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Women in India fight sexual harassment with smartphones

Interest in phone apps with SOS buttons to alert contacts and websites to report sexual harassment has surged as more women challenge the view that they have a lower status than men.

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    A woman takes pictures with her mobile phone at the Jama Masjid (Grand Mosque) during Eid al-Fitr in the old quarters of Delhi, India.
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Indian women armed with smartphones are using the clout of social media to fight sexual harassment by filming and publicly shaming men who molest them as greater awareness of violence against women spreads.

In the latest of a series of incidents, a young Indian woman used her smartphone to shoot video of a man sitting behind her on an IndiGo airline flight who tried to grope her between the seats. She filmed her rebuke of him in front of the other passengers.

The video, posted on YouTube last week, went viral, adding to growing anger over gender violence in the world's second most populous country where women are frequently sexually harassed in public and on transportation.

The trend to name-and-shame sex offenders comes after the gang-rape and murder of a 23-year-old woman on a bus in Delhi in 2012. The incident sparked public protests and led to a national debate about the security of women – encouraging victims once embarrassed to come forward to use smartphones to expose perpetrators.

Interest in safety apps with SOS buttons to alert contacts and websites to report sexual harassment has surged in the past year or so as more women challenge the age-old patriarchal attitudes in India that view women as lower status than men.

"A video is a weapon that scares patriarchy. The proof, like in the IndiGo case, is mostly undeniable," wrote Piyasree Dasgupta, on leading news website firstpost.com. "It leaves the woman with more power than usual to fight for her own cause with little need of either empathy or logistical help from a man. It pins a man down for his crimes with little scope of escape."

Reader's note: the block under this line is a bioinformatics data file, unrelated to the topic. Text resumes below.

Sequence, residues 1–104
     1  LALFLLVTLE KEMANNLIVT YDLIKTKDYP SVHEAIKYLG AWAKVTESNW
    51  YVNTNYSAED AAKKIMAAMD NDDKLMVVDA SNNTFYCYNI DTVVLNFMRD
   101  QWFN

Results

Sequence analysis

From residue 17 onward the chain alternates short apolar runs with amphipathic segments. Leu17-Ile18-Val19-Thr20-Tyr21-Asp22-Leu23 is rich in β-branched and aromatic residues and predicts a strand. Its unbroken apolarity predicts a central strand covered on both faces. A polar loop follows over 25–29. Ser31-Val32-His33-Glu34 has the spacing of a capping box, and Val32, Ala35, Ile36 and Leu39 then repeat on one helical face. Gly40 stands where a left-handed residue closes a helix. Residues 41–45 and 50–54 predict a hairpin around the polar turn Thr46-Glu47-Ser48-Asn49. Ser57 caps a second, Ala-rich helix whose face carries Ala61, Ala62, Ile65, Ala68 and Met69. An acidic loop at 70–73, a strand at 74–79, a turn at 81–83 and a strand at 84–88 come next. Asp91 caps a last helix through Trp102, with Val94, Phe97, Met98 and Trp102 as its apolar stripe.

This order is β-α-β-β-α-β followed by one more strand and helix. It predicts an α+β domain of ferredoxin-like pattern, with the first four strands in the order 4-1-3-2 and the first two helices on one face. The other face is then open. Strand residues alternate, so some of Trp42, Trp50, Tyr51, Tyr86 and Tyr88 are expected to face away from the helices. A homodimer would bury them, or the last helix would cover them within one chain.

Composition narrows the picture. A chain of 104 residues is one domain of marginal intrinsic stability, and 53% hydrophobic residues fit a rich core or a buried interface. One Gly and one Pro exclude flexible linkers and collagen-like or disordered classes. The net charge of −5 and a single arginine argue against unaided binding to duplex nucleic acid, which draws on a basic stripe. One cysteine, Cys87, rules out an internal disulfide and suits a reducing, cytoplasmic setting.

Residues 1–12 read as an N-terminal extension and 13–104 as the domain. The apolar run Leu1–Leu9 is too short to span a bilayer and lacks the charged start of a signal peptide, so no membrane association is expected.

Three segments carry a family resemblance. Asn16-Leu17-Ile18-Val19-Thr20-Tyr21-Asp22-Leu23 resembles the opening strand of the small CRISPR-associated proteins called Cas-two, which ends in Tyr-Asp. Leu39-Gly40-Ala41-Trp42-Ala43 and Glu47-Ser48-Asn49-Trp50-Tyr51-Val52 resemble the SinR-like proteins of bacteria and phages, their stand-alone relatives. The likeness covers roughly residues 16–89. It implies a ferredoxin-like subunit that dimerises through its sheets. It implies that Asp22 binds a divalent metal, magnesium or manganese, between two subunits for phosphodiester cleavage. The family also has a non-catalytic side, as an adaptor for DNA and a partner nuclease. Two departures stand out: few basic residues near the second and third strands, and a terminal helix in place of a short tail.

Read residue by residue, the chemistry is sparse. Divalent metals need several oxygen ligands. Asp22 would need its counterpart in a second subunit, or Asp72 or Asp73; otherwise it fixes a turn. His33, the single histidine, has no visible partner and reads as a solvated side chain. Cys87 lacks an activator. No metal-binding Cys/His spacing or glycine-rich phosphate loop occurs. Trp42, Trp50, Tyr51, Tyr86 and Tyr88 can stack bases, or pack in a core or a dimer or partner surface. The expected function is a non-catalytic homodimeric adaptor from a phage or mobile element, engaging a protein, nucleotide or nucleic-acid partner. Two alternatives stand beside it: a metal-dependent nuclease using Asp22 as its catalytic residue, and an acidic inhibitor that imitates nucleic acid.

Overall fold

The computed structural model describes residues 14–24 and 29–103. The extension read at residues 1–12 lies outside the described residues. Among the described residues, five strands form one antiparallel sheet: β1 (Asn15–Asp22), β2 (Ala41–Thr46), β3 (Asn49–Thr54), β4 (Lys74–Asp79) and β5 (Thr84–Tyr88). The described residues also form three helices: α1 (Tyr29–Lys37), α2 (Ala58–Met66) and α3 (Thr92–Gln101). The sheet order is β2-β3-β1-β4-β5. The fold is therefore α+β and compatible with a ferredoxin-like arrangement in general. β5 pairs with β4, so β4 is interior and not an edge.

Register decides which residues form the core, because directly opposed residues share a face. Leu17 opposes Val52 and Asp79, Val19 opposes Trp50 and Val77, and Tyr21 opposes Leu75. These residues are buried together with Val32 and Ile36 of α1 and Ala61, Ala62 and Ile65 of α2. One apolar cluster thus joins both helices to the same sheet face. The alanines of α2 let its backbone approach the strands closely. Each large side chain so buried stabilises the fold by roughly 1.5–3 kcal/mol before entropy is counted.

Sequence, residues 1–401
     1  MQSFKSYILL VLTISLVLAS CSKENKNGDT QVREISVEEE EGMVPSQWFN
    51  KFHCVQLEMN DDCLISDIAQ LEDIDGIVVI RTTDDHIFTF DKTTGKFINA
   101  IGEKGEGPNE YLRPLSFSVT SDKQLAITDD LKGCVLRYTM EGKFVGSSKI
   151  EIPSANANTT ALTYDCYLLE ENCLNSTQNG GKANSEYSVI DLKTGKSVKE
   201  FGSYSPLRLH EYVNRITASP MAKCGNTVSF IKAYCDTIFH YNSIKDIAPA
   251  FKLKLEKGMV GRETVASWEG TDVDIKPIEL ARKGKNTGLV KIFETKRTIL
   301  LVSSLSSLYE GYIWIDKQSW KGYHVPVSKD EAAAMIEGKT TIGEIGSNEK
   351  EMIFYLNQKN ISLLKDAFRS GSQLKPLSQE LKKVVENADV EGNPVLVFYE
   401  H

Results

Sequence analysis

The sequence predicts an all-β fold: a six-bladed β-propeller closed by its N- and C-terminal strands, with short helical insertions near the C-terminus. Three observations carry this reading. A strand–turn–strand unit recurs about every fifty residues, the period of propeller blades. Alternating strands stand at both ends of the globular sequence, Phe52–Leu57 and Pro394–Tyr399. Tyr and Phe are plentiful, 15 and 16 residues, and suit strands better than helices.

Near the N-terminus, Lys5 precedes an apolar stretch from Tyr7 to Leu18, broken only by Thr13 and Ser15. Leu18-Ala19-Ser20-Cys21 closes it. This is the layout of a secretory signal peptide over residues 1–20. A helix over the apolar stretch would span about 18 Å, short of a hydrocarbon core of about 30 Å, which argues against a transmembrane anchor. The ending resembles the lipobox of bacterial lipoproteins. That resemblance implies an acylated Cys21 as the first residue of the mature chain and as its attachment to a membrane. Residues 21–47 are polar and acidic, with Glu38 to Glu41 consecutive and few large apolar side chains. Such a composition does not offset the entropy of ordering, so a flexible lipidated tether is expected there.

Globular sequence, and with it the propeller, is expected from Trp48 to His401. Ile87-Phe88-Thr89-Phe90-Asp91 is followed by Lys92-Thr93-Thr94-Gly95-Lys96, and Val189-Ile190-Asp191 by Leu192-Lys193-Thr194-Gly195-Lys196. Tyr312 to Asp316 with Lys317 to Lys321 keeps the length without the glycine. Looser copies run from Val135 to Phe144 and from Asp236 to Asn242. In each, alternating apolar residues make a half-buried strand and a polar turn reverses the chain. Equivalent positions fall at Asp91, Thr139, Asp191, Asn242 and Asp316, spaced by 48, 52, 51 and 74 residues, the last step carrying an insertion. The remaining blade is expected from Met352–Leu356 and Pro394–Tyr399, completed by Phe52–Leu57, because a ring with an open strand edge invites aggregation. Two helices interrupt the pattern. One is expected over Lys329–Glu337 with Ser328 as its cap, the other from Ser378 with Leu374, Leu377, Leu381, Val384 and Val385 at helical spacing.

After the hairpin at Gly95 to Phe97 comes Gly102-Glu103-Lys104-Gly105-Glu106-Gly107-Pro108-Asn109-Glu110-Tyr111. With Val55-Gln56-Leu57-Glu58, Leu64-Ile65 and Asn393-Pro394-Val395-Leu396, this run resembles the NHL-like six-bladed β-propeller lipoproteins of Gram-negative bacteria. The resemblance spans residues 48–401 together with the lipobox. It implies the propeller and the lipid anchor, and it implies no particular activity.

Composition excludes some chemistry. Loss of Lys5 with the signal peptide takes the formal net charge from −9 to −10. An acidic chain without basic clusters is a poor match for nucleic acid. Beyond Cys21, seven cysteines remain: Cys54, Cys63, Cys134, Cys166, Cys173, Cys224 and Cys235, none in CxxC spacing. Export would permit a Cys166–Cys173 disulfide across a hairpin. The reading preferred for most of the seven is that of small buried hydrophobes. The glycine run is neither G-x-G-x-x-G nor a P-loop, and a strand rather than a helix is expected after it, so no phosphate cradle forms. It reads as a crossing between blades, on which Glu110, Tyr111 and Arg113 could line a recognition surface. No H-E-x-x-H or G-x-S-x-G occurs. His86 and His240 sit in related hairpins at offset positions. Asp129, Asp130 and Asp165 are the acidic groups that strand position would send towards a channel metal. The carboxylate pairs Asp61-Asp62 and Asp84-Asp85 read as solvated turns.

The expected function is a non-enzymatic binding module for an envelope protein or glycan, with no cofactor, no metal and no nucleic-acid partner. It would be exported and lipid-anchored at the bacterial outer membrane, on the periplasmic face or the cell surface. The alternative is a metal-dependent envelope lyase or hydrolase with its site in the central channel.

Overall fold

EMPOWERED BY SOCIAL MEDIA

The latest video made on a domestic flight by budget airline IndiGo from Mumbai had been seen by 4.4 million viewers as of Feb. 5 and sparked outrage across social media.

"Because I'm a girl, and you have the right to touch me anytime, anywhere you want to?" the woman yells at the middle-aged man, who tries to cover his face with his hand.

The man eventually responds, saying he is sorry and asking forgiveness, watched by passengers disembarking the plane.

Upon landing in Bhubaneswar, in eastern Odisha state, the victim lodged a complaint with IndiGo crew and local police, said an airline statement.

The video is the latest of several incidents caught on camera by victims, their friends, and bystanders to show how Indian women and girls are feeling empowered by the use of smartphones and standing up to their aggressors.

In November, two sisters in the city of Rohtak hit the headlines when a video taken by other passengers showed them fighting with three young men who harassed them on a bus in the northern state of Haryana. One of the sisters hits the men with a belt while passengers on the bus watch without intervening.

Another video from the southern city of Bangalore in August showed a female jogger chasing a man who was sexually harassing her, catching up with him and forcing him to the ground. She kicks him and tells him to "get lost."

The same month, in northern Uttar Pradesh state, a video showing girls slapping an aggressor in a market went viral.

Since the fatal gang-rape in Delhi in 2012, the Indian government has tightened laws for crimes against women and introduced tougher penalties, but many Indian women say they feel no safer, according to a recent poll in the Hindustan Times.

There were 309,546 crimes against women reported to the police in 2013, up from 244,270 the previous year, according to the National Crime Records Bureau. These include rape, kidnapping, sexual harassment, and molestation.

(Writing by Alisa Tang, Editing by Belinda Goldsmith)

 This article originally appeared at Thomson Reuters Foundation, a source of news, information, and connections for action. It provides programs that trigger change, empower people, and offer concrete solutions.

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